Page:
24 hours in the NHS

Kathryn Ward

Kathryn Ward,
Engagement Manager
Centre of Excellence for Information Sharing

Last week my daughter moaned a bit about tummy ache and feeling sick, she was off her food and was going to bed on my first request, rather than my 21st (she’s a troublesome teen rather than a terrible two).

So on Friday morning, when there were more moans and groans, I left her in the capable hands of her gran and grandad, where she could lie in bed all day, watch beauty bloggers on You Tube and have my parents bring her tasty snacks on demand.

When I returned from work, there was an academy winning performances of “I don’t feel well”, she certainly looked the part with a blanket draped around her shoulders and a bucket by her side (just in case!).

It was late, I’d had a long day, so when I asked “do you think you need to see a doctor?”, I quickly followed up with “you better not be messing me around”, “do you really want to go to Blackpool A&E on a Friday night” and “shall we see how you are in the morning?”.

We waited till the morning … she was worse! So, I called 111 (I’ve never had the need to do this before, but after some simple confirmation details, we were in “the system” … it knew me as her mum, knew where we lived and which doctors practice we were attached to.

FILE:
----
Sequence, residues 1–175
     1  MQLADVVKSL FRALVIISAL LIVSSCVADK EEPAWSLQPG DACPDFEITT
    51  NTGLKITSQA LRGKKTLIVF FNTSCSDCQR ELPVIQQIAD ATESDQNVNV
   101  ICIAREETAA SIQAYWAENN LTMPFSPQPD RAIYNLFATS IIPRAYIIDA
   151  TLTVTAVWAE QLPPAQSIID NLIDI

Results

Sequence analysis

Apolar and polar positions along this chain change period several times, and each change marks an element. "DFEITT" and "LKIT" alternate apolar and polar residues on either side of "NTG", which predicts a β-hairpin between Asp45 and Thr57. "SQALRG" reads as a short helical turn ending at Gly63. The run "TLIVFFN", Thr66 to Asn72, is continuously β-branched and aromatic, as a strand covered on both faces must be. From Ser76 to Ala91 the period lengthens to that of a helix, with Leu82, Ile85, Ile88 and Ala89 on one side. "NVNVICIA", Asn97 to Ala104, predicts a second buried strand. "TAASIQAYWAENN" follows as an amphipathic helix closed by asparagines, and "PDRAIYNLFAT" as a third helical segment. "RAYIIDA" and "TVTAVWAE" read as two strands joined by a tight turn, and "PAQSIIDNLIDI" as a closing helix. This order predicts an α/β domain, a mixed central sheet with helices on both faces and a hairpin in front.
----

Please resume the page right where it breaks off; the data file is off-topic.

After describing the symptom’s, I was informed she sounds like she needs an emergency appointment within the next 2 hours, and somebody else would give me a call to arrange.

Sure enough, 5 minutes later I had a call from the hospital, again I was back in “the system” and didn’t have to explain any information again and was told to present ourselves within the hour.

A doctor came to collect us, she had already read the telephone notes in “the system” from my earlier call and suddenly my daughter was gowned up examinations and tests were happening around me.

Looking very white and small on a hospital trolley, information sharing never crossed my mind, my focus was on my daughter, I trusted everybody in that hospital to do the right thing.

Nothing conclusive came from the tests, but I was informed that all of the information regarding my daughters care would be passed on to my GP. And sure enough on Monday morning, I received a call from my GP asking me how she was and arrange for a follow up appointment… she was back on the road to recovery

In hindsight I have made a list of what was important:-

  1. I only had to provide information once
  2. I was spoken to in language I understood – although I can usually string a sentence together quite well,  in this unnatural circumstance I managed to get my daughter’s name wrong and forgot that she was allergic to penicillin … the doctor reminded me, from “the system”
  3. The professionals all worked collectively
  4. And perhaps most importantly, I am happy with the NHS sharing mine and my families information to all of those involved in our care, the professionals don’t need my consent to do this, it is implicit.

Finally, I was reminded of a quote;

“Trust is an outcome;  it’s how you behave to gain that outcome that is important” . Many thanks to all of those involved in my daughters care at Lancashire Care Foundation Trust, their behaviour was impeccable.

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